The subtitle of this book is "Two Years on the Yangtze." It is an account of the years that Peter Hessler spent in China teaching for the Peace Corps. He was stationed in Fuling, a small city in the Sichuan province. I have been reading Mr. Hessler's pieces for years in The New Yorker, where he used to write the "Letter from China" feature. He often referred to his time in Fuling in the articles, which is probably why I bought this. It's a little hard to remember, though, since this has been on the TBR shelves for so long (thirteen years, to be exact).
Mr. Hessler and his colleague Adam Meier were the first Peace Corps volunteers to come to Fuling. They taught at the Fuling Teachers College, where most of the students were from farming families (peasants, in the local term) who were expected to return home to teach in the rural schools they themselves had attended. He wrote about his teaching duties, in a school rigidly bounded by the government's many rules and under the constant eye of the Communist Party members. He took a great interest in his students, in their stories and their futures. He was equally interested in Fuling itself, spending his free time exploring the city and trying to talk to the people there. On school breaks, he traveled around the middle part of China, sometimes with friends but often on his own. He studied Chinese (Mandarin) on his own and with tutors, to the surprise of many Chinese people that he met, who assumed that no foreigner could learn their language.
I found this book very absorbing. I know little about the middle part of China (which apparently isn't called "the midwest," as I kept picturing it). Obviously, a lot has changed in the country since this book was first published in 2001. And things had changed between Mr. Hessler's time there in 1996-1998, and the publication of the book. At the time he was writing, the Three Gorges Dam was under construction, and he wrote about the effects it would have on both the people and the land itself. But despite the lapse of time, I could see connections to the China that I read about today - a stock market crash in 1998, industrial pollution, the slow rise in the standards of living in rural areas, tensions with the Muslim Uigher population in western China. I learned something of the middle region's history, such as the Great Taiping Rebellion of the 1840s, when "a poor man from Guangxi province . . . decided that he was the Son of God and the younger brother of Jesus Christ. After that, things happened very quickly." Within a few years, "Hong Xiuquan was leading twenty thousand armed followers..." In more recent history, Mr. Hessler talked with the people he met about their experiences in the "Great Leap Forward" and the Cultural Revolution, and about their parents' and grandparents', which often made for grim reading.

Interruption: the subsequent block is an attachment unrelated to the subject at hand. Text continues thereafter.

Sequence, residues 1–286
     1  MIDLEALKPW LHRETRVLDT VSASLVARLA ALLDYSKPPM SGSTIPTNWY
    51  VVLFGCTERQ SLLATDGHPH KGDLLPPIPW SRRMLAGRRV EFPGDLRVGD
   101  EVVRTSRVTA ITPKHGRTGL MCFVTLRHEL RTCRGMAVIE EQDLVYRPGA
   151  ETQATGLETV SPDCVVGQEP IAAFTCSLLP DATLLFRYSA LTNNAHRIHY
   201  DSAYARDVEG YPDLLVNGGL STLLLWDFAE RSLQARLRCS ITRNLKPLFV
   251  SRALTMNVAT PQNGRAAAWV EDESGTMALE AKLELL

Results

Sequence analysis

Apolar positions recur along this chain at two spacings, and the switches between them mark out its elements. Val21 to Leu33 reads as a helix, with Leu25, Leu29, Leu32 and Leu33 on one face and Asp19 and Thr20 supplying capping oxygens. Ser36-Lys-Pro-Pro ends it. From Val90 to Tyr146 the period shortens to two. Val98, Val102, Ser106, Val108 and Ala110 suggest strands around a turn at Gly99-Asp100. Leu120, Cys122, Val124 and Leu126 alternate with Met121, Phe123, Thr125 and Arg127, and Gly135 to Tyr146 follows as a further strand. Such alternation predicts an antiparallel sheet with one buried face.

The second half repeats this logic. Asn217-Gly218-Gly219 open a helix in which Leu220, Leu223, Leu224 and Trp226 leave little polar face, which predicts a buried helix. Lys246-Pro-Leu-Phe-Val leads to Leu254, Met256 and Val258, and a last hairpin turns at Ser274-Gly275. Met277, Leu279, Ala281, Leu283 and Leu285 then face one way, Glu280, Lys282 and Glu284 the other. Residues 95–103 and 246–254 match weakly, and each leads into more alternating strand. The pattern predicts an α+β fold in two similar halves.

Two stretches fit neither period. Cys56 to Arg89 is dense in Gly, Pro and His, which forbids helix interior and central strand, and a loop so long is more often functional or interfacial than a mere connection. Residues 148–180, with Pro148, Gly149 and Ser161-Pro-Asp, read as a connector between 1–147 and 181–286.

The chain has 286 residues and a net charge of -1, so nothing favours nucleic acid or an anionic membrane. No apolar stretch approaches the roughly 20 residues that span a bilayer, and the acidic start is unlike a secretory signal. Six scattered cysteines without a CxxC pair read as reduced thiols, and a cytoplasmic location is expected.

It was interesting to compare Mr. Hessler's account with those of Jen Lin-Liu, particularly in her memoir Serve the People. Though ethnically Chinese, and speaking Mandarin, Ms. Lin-Liu still felt like a foreigner, even in Beijing. It sounds like it was a thousand times worse in Fuling, where the two Americans instantly stood out as waiguoren, and crowds gathered just to stare whenever they went into the town. It seems like Beijing was marginally healthier than Fuling, blanketed in coal dust and smoke. Mr. Hessler managed to contract tuberculosis, among other health problems. But the friends he made there allowed him to experience something of daily life there. And many people he met were very hospitable and welcoming, eager to talk to a foreigner who spoke their language. He was equally eager to talk to anyone he met, and that openness reminded me of Patrick Leigh Fermor and Eric Newby.
The author returned to China after his Peace Corps stint ended, and he wrote two other books about the country, Oracle Bones and Country Driving. I am looking forward to reading them. I may as well confess that I have copies of them already, though this book languished on my TBR shelves for so long (a triumph of hope over experience, and/or book greed over good intentions). I also have my eye on Evan Osnos' Age of Ambition, which won the National Book Award for non-fiction last year. Mr. Osnos took over the "Letter from China" from Mr. Hessler, and I've found his articles equally interesting and informative.